Users’ Advocate: Developing a Theory of the User

Every document is written for a reader, which means that every writer has a theory of the reader -- an idea of who the reader is. In technical communication, the reader is a user (of a product or service). Every technical writer, therefore, has a theory of the user. However the theory of the user manifests, it profoundly affects how the document is written. Continue reading ...

you can't please everyone

Users’ Advocate: You Can’t Please Everyone

My book is currently in the final stages of revision, and I have been very fortunate to have some of the leading lights in tech comm agree to provide feedback on my drafts. So far, no two people have said the same thing about the same passage, not even once. You can't please everyone. Continue reading ...

Users’ Advocate: We Have to Treat the Buyer as a User

Traditionally tech comm has tried to steer clear of marketing and all its works. Many tech writers still seem to have a strong aversion to anything that smacks of marketing, regarding it as either fluff, or outright dishonest. Here’s the problem, though. The buyer is a user too, and what works for the novice user, or for the expert user, does not always work for the buyer. Continue reading ...

Users' Advocate

Users’ Advocate: Where Have All the Users Gone?

As I begin my stewardship of the Users' Advocate column, I think it is important to begin by asking, where have all the users gone? Thirty years ago, tech comm had a more or less captive audience. If users wanted information on your product, they looked at the manual. They didn't have much choice. Today, when the user has a question or encounters a problem with your product, the first thing they do is to Google it. Continue reading ...

Ten Design Principles and When to Violate Them

Dieter Rams, a German industrial designer from the functionalist school, followed a philosophy that will sound familiar when I paraphrase it: “form follows function” and “usability is fitness for purpose.” You know his work if you've used any Braun products released from the 1960s to the 1990s, or if you've used recent Apple products, many of which were inspired by his design principles. Let’s look at what technical communicators can learn from these principles—and when we should consider violating them. Continue reading ...

Writer’s Block: Different Causes Have Different Solutions – Part 2

Practicalities are obstacles you can solve by choosing an appropriate strategy and then gritting your teeth and doing the necessary work. Because they aren’t psychological barriers, they’re much easier to get past because all you need to do is force yourself to follow the appropriate steps, possibly with help from friends and colleagues. You don’t always need your muse to be able to write: some aspects of writing, such as developing a timeline or plot outline, are fairly mechanical. Since you’re the only one who will see them, they don’t have to be perfect. Continue reading ...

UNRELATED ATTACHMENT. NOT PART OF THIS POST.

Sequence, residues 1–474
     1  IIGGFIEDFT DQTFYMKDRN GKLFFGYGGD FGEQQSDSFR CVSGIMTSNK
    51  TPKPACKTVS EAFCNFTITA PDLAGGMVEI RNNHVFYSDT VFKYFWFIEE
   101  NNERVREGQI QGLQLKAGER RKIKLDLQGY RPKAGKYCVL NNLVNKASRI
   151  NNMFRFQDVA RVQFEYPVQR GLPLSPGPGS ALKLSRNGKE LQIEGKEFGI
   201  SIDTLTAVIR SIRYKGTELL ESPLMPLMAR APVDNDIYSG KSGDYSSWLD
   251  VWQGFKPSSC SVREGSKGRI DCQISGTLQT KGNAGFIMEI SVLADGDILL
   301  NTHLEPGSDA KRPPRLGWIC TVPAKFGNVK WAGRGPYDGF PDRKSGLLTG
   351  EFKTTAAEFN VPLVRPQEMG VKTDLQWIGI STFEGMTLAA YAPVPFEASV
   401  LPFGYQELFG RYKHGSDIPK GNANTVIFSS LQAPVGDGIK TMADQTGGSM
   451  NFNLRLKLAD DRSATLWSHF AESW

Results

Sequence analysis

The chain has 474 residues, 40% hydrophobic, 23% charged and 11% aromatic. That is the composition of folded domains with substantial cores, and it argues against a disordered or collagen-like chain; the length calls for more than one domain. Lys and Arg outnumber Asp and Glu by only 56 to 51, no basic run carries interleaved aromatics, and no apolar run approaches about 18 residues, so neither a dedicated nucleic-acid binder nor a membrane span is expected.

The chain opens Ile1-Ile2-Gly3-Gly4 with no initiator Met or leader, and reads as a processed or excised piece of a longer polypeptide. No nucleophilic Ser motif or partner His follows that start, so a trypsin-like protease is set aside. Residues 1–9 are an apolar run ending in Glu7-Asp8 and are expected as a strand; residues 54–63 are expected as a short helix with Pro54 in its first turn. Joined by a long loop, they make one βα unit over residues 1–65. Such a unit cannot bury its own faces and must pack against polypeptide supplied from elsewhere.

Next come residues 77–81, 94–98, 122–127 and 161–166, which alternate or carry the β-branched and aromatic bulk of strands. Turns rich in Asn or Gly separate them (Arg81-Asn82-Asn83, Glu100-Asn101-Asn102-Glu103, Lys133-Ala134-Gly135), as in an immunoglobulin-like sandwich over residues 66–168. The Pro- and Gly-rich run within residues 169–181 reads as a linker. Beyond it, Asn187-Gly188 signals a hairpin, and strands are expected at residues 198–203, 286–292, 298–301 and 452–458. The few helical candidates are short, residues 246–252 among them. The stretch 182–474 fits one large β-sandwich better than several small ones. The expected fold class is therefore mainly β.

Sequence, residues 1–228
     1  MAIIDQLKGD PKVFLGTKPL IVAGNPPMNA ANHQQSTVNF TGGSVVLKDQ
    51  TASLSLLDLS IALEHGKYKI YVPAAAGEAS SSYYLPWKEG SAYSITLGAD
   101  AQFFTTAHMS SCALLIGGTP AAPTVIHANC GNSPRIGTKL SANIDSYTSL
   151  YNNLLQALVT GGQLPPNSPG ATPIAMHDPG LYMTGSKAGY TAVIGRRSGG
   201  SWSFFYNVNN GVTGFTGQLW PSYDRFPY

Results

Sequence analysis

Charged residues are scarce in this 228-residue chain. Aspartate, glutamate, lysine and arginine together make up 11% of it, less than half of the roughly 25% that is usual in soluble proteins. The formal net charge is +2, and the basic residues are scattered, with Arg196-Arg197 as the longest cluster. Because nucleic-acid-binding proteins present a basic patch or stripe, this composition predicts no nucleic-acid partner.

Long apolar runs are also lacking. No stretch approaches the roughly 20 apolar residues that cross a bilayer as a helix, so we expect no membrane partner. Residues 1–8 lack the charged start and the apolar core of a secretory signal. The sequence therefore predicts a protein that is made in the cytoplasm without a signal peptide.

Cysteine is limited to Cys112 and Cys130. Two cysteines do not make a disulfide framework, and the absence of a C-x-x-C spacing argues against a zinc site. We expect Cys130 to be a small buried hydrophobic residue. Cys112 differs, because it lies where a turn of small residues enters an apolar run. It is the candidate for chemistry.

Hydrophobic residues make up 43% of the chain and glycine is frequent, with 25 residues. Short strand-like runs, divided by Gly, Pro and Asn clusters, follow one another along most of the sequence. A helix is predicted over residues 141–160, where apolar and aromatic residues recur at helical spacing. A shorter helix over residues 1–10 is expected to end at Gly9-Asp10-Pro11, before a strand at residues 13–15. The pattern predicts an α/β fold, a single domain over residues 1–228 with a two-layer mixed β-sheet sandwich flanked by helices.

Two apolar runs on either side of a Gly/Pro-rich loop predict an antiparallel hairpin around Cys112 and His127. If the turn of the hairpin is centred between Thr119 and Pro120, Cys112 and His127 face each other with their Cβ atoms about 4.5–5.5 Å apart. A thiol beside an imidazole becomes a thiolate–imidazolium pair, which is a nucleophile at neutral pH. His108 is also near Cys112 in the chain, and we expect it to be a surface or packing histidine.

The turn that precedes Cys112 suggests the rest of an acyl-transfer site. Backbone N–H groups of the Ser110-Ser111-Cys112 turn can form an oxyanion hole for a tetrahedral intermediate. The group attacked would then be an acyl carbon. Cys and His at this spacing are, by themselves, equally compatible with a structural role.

Writer’s block: Different Causes Have Different Solutions – Part 1

Writing should be exciting and pleasurable, and most of the time it is. But if you’re a dedicated professional who earns your living from writing, writing is also a job, and even the most exciting job sometimes grows boring or frustrating or stressful. When that happens, you may find yourself “blocked”: unable to write, and not sure why. That’s particularly true for technical communicators like me, who also enjoy writing fiction in those rare free moments between paying work. ( Continue reading ...

Create Technical Writing Consistency While You Write—Or Add it Later

One of the primary tasks any writer or editor must perform is to impose consistency on a manuscript. Consistency is particularly important for technical writers, because it makes the task of writing easier: if you don’t have to develop a new solution each time you face the same problem, you can simply find a solution that works for all occurrences of that problem and use it thereafter. From the technical writer’s perspective, it’s best if you try to build in that consistency right from the start, because it can save you a lot of time both in your initial draft and in your subsequent revisions. Continue reading ...

Save Time by Mastering the Basics: Efficient Movement within a File

We technical communicators aren’t so different from the rest of the world: we tend to reach a comfortable plateau in our skills, and so long as we’re meeting our deadlines reasonably efficiently using those skills, we tend to lack the motivation to pay close attention to what we’ve been doing and look for improvements. But what if I told you that you could potentially save 15 minutes per day without doing anything more arduous than mastering three new keyboard shortcuts? Continue reading ...